When Trotsky articulated the idea of entryism it was supposed to be for a short period and in a very specific situation. He certainly didn’t have a view that it could ever transform a social democratic party into a socialist, let alone a revolutionary, party. So, the idea of Militant Tendency entryism, where you could be there decade after decade with the aim of controlling the party... that is not remotely based on what Trotsky said. And, to a certain point, it was a dishonest way of doing politics. I’ve never been impressed with that particular form of entryism. Now in Britain, no serious Trotskyist organisation is actually in the Labour Party. My organisation, Counterfire, isn’t in the Labour Party. The Socialist Workers Party, The Socialist Party, neither of them are in the Labour Party. As a matter of fact, there are probably fewer organised Trotskyists in the Labour Party than at any time. An absolutely tiny number. So what the Labour right is saying now is literally a red scare, with no factual basis. I mean, Momentum has 80,000 members. I would be surprised if very many of them are remotely Trotskyists.

What is Momentum? How can you characterise Momentum?

To begin with, I will say what it is not: it’s not a social movement. A social movement is, by definition, a multi-party organisation. Momentum is totally under Labour Party control. It’s very organised but it does not mainly mobilise for demonstrations or protests or meetings, but to back Jeremy for the leadership election and Labour in parliamentary and local government elections. So they can have 4,000 people working specifically in gathering voters, in phone banks and so on, for the leadership campaign. They probably would never do that for a strike, for a protest. I’m not saying this as a negative thing. It just means it’s an internal Labour Party group, not a social movement.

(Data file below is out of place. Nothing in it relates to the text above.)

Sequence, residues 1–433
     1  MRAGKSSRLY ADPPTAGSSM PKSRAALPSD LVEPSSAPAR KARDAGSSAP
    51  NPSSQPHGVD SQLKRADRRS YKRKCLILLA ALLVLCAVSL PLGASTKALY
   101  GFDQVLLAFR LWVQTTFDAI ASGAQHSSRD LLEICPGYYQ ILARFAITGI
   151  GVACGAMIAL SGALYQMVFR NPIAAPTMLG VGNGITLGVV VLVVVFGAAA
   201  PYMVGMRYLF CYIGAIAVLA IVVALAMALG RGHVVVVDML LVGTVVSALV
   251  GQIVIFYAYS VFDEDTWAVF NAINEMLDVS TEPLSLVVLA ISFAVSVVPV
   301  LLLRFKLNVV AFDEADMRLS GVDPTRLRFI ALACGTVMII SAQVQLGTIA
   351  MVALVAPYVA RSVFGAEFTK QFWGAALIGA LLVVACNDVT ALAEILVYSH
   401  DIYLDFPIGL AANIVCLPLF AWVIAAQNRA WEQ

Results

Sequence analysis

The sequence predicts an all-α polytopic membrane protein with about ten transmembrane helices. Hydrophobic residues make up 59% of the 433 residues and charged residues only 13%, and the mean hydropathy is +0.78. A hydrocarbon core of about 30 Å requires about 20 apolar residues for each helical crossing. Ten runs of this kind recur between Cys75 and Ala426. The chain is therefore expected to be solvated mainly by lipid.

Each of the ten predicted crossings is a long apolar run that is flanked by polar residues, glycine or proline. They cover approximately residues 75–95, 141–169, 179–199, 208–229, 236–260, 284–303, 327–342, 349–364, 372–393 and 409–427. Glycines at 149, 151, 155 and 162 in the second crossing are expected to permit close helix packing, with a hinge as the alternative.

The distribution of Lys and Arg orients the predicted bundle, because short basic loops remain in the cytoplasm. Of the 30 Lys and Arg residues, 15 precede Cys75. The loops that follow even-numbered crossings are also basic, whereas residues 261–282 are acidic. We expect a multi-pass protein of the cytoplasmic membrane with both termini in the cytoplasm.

So, do you think Momentum can transcend Corbyn’s figure and endure over time like a leftist platform?

It may do. But it will be an internal Labour Party operation. In fact, it is very exclusionary. It doesn’t like to have speakers that aren’t Labour Party members, it doesn’s like being accused of working with the rest of the left. You can’t be an office holder in Momentum unless you are in the Labour Party.

When we see Corbyn from his videos and speeches, and we listen to his interviews, he seems to appear as a character of the social democracy but capable of negotiating with the radical left. Could the structure limit him?

Well, that’s true of Jeremy but it’s not true of Momentum. And it’s not true of the internal party operators around Jeremy either. Jeremy is practically a unique figure, even of Labour left. That is mostly because of his engagement with massive social movements. He was involved in Stop the War, and in the People’s Assembly. He is a very powerful and consistent grassroots campaigner. And of course he is structurally in a different position than he was before, and when you talk with Jeremy now he still has those politics, but he isn’t in the same place structurally.

Do you think that Jeremy Corbyn is a social democrat? One who believes that things can be changed within the system, or, on the contrary, as a reformist that wishes to transcend capitalism?

I think he thinks both of those things. I would argue that they are not compatible but there is a long tradition of left reformism, which believes that they are. Tony Benn had this view, and so does Jeremy. He works very closely with the revolutionary left, he understands the politics of mass organisation, but he also believes it can be mixed with a reformist method of transforming the system.